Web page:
With the creation of the GPI for Pennsylvania, Zach says we must now ask ourselves, “Can we scale our index down to measure regional and local sustainability in a quantitative way?”
This summer, Alexa Gorski and Henry Stann completed archival research to create, for the first time, a map of Native American locations within a five mile corridor of Susquehanna River’s West Branch. Alexa and Henry found the locations of the sites, and created the GIS map to make finding the sites on a map more accessible. The map will also provide background about each of the sites. It is designed so that when one clicks on a specific location, there will be a description on the region that the viewer can read to get more information.
The project was on behalf of the Chesapeake Bay Conservancy, who wanted to update the John Smith National Historical Trail with information on the history of the Susquehanna River. There had not been previous research done on the West Branch of the Susquehanna, therefore not much was known on the history of the region. The research unveiled the history of the Native Americans, conflicts and relationships between groups of people and people and the environment. Alexa and Henry uncovered Moravian diaries, old county histories, and the works of JF Meginness to aid them in their research.
Alexa and Henry hope to continue working on the interactive map and add on more locations. They are also working on the development of a self tour app that will allow people to learn more about a site when they are at that location.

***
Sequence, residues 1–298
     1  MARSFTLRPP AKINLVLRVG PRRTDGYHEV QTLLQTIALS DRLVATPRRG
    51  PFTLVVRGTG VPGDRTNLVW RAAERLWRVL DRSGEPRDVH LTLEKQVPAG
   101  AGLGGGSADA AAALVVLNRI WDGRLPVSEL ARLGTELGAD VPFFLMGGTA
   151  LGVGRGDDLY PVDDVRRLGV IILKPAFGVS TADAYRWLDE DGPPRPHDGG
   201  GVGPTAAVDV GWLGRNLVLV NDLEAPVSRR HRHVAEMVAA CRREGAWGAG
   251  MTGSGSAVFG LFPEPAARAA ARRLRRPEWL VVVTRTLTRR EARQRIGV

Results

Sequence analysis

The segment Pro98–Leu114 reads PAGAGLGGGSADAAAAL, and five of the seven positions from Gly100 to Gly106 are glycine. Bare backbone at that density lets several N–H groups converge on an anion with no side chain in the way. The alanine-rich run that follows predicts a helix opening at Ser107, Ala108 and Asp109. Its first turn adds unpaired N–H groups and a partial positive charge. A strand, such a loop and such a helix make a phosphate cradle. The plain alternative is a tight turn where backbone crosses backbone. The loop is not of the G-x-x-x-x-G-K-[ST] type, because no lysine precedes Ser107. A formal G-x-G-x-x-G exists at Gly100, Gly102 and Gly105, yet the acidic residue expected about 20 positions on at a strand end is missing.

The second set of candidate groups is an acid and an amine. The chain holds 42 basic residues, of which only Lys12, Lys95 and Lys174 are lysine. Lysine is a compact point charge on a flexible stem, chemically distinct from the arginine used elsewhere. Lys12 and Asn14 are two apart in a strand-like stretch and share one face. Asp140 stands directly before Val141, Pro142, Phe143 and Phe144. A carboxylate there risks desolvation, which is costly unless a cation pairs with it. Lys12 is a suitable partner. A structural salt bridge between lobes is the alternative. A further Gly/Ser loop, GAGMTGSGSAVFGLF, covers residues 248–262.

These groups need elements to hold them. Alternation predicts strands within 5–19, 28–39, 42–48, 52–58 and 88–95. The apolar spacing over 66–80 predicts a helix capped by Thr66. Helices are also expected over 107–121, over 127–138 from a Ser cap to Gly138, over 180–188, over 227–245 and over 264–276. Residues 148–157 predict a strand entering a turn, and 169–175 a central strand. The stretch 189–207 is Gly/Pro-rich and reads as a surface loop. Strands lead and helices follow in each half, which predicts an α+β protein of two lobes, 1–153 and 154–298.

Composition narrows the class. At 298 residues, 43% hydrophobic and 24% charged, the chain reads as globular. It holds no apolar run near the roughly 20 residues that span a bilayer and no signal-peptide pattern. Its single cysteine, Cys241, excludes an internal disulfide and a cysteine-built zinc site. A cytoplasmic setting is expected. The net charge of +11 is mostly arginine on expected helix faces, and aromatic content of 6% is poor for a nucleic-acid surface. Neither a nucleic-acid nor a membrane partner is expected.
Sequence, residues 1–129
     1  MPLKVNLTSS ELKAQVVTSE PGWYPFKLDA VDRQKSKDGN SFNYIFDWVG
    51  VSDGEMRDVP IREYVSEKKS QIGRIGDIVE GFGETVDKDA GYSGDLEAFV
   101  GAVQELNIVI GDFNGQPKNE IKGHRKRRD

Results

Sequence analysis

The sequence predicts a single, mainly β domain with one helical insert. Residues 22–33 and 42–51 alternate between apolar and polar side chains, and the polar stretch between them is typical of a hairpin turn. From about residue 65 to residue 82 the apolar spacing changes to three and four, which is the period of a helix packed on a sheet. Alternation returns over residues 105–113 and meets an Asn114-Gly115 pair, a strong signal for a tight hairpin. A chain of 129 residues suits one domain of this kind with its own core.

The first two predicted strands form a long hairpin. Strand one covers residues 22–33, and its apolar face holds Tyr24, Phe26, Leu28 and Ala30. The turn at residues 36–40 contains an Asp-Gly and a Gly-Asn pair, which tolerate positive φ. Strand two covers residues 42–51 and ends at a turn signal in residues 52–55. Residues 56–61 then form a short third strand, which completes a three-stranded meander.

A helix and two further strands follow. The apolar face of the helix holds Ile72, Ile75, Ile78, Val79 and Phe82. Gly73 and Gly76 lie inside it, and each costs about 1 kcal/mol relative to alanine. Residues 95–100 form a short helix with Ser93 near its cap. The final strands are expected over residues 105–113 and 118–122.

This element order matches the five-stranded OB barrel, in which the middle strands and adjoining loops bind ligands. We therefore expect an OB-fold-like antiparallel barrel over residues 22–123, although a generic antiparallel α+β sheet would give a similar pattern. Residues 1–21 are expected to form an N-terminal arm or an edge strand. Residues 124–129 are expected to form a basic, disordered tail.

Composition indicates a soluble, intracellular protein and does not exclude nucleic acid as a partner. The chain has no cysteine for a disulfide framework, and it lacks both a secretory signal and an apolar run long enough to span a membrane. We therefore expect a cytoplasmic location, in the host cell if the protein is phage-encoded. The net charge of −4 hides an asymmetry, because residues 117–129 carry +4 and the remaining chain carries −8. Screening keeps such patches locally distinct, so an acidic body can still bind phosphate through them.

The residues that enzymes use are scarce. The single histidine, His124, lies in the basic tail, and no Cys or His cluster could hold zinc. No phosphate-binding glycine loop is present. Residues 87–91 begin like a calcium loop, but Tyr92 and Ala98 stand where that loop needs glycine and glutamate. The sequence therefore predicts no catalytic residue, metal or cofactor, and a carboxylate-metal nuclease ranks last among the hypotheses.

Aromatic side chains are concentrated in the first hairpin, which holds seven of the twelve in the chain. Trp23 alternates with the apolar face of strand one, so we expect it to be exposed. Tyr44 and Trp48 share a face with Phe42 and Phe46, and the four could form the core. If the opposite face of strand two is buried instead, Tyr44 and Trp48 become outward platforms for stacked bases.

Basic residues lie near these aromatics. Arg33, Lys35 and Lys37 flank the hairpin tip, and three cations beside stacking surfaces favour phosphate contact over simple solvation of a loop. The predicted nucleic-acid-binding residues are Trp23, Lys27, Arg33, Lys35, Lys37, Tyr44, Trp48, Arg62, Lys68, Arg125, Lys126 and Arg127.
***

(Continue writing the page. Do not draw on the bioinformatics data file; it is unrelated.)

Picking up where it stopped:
View the research poster completed by Alexa and Henry here: Poster
The ACA, or Affordable Care Act, is a new national health law that has been only implemented recently. This summer, Collin Greene and Will Rappaport focused their research on an evaluation of the ACA in the central Pennsylvania region, in hopes of exposing the glitches that will make the second year of enrollment in 2014-2015 much improved.
In their pursuit of answers, Collin and Will contacted heads of organizations such as United way, Columbia County Volunteers in Medicine, PA Mental Health Association, and the Lewisburg Library, and conducted interviews in person. They found that there were many challenges in enrollment that individuals faced, such as low literacy levels, lack of transportation, lack of prior knowledge of healthcare, and distrust of the government. Their findings through these interviews facilitated their project design, and fabrication of components that will improve the educating of individuals, so that the second year of enrollment will be more sufficient.
The pair came up with ideas that they believe will improve the second year of enrollment, one of which will be pursued with the grant they were given. One idea was to set up a comprehensible and more simplistic website, tailored for those with below average reading levels. In order to educate those with a lack of knowledge of healthcare, they also suggest a video tutorial that would be presented at workshops, a project that will be initiated with the grant they received.
With their project rolling and in execution, Collin and Will believe that reaching out, and educating people on the ACA and means of enrollment will save and improve lives. While some may not believe in the ACA, the program is still out there for use, and the more people who know about it and know how to enroll, the more lives that will be saved whether they believe in it or not.
Read the report Will and Collin’s research contributed to here: The-Central-PA-ACA-Project